Fraser Valley (CSC Corectional Service Canada/Sara Burroughs, Social Programs Officer, Pacific Institution) – This past summer, Canadians were saddened when hundreds of unmarked graves of Indigenous children were discovered at residential schools in western Canada. By September 30, the first National Day for Truth and Reconciliation, hundreds more had been identified on the grounds of former residential schools in various other regions across Canada. People across the country, including inmates at Pacific Institution, wanted to highlight the importance of honouring the Survivors and recognizing the impact of the residential school system on Indigenous communities and individuals.
The Spirit Bear Indigenous Inmate Wellness Committee at Pacific Institution held an art competition for the entire inmate population to promote truth and reconciliation.
“This idea was initially the Spirit Bear Indigenous Wellness Committee’s, and we [staff] were more than happy to assist them,” said Peter Lang, Assistant Warden, Interventions, Pacific Institution. “It gives me a great sense of pride to see the men pouring their heart and soul into their art, but it gives me an even greater sense of pride, as a Métis man, to see them helping Indigenous charities in the community.”
Lang is also the Volunteer President of Metis Chilliwack.
The original intention was to put the winning design on an orange shirt. The orange shirt was adapted as a symbol of the residential school system and its’ Survivors after Phyllis Jack Webstad shared her story about attending residential school.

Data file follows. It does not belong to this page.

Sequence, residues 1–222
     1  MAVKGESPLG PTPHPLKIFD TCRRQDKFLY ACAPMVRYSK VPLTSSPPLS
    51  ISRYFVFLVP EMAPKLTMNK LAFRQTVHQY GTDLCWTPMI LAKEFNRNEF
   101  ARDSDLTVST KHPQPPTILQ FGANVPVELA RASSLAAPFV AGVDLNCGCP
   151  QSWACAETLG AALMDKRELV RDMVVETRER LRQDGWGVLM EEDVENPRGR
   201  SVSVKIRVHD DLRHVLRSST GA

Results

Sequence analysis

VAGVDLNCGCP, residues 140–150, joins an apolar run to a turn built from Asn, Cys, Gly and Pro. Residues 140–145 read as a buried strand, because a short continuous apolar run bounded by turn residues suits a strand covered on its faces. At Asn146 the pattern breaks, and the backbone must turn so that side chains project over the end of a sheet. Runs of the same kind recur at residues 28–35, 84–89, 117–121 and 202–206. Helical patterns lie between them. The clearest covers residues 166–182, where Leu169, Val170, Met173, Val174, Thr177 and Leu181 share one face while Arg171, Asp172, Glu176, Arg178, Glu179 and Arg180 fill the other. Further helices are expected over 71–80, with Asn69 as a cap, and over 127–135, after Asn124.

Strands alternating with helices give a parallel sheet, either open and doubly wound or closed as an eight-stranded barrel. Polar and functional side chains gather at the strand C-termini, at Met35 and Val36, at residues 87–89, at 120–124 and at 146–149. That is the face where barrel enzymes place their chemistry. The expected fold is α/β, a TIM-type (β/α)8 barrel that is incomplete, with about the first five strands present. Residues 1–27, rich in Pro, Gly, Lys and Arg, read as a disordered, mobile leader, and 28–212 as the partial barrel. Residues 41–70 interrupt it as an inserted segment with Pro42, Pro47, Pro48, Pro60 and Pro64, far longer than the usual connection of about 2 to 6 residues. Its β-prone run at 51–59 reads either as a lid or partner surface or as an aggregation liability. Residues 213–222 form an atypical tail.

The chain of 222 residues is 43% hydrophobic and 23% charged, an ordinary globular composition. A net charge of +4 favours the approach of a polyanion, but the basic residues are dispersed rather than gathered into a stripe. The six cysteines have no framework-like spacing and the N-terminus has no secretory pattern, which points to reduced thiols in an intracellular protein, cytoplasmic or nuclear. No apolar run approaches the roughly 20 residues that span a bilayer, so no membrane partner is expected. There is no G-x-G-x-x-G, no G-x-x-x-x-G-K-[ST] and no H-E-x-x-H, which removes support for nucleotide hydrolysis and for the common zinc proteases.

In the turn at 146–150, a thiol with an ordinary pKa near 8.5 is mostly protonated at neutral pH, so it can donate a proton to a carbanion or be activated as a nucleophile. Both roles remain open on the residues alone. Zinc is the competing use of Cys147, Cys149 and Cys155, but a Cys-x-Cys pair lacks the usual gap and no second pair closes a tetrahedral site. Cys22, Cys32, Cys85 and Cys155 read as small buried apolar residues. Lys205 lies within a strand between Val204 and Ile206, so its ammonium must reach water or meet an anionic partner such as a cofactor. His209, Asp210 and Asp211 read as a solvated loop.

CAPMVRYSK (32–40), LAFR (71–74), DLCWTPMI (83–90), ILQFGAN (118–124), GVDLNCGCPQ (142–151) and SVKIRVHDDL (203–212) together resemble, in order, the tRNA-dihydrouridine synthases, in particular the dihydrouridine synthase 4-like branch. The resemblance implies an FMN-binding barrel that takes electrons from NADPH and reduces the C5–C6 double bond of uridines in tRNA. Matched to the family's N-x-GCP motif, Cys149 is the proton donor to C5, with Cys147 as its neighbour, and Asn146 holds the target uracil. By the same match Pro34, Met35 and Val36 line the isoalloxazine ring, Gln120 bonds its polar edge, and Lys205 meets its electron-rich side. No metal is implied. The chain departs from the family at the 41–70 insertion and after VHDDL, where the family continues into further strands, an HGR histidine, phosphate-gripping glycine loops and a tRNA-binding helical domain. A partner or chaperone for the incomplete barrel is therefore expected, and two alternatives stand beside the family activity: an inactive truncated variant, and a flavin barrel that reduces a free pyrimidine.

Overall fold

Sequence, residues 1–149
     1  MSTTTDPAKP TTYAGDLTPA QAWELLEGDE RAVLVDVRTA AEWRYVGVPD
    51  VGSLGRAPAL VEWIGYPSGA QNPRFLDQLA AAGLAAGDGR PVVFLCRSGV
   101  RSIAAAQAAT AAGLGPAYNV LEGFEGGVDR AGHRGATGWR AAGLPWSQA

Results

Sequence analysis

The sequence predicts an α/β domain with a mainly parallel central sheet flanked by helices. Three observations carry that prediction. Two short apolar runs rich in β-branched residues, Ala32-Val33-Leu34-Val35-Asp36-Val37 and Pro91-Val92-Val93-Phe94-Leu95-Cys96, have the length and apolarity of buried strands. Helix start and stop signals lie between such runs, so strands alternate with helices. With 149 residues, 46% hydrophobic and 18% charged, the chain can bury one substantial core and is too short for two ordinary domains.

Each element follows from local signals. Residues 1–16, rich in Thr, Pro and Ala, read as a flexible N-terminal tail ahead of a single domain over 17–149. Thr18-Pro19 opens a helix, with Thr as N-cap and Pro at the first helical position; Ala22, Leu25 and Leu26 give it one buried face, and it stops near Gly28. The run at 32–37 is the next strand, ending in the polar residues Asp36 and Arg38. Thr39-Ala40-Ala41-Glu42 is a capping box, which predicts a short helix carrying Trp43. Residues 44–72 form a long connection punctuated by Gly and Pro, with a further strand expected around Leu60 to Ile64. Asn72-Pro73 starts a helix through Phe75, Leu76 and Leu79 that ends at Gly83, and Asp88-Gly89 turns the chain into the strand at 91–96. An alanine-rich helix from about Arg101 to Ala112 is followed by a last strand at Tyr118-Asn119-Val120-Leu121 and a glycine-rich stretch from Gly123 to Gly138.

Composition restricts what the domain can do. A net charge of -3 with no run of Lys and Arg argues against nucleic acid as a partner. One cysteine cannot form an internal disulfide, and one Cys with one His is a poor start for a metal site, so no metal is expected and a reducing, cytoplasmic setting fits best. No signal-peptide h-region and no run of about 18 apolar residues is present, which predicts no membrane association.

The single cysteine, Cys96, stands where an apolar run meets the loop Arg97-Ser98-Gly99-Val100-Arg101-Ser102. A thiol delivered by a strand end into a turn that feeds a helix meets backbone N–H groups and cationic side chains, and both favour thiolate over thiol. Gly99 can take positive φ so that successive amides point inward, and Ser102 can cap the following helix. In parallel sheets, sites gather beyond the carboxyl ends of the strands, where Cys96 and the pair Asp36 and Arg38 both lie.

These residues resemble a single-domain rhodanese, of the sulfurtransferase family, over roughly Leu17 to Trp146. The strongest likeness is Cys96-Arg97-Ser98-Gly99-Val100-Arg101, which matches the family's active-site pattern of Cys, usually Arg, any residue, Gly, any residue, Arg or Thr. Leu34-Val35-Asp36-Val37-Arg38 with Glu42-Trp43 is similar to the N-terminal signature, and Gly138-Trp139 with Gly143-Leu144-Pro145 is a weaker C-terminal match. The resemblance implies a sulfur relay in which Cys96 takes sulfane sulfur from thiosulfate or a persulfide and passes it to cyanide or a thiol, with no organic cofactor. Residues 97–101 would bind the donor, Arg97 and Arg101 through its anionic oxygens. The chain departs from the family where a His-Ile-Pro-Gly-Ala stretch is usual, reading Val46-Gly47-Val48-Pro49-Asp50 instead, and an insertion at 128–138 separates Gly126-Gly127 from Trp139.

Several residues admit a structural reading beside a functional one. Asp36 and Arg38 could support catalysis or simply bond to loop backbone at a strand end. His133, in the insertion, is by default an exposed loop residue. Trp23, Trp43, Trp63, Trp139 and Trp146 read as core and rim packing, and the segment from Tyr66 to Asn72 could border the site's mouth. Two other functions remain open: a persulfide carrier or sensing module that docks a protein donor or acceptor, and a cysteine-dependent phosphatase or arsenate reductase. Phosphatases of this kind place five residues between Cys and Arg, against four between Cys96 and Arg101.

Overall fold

“Like any other child who attends school, they usually wear a new outfit, and for Phyllis, it was no different—or at least she thought,” said Shawnee McKay, Acting Indigenous Liaison Officer at Pacific Institution. “Phyllis’ grandmother had purchased a shiny orange shirt so she had a new outfit to go to school with. But when she arrived, they stripped her clothes including her orange shirt and it was never seen again.”
The project hit close to home for some of the inmates.
“The discovery of unmarked graves that I’d heard of as a kid growing up, also as a residential school Survivor myself, brought back a lot of sad memories,” said the Spirit Bear Indigenous Inmate Wellness Committee Chair. “I had my own personal struggles. At first, I was angry, which did nothing but put me in places like jails. Now, anger is not who I am. I’m better than that. That’s why I want to give back to those that are not there yet. Hate and anger can be replaced by love and respect.”
The committee received 15 art submissions. The winning submission is now featured on Pacific Institution’s custom-made orange shirts. The t-shirts featuring the winning design will be available for Pacific Institution staff, their families, and inmates to purchase.
All proceeds will go to the Indian Residential Schools Survivors Society.
The two other winning designs will be painted on murals around the institution. Runners up will re-create their designs on a smaller scale in the programs building at Pacific Institution.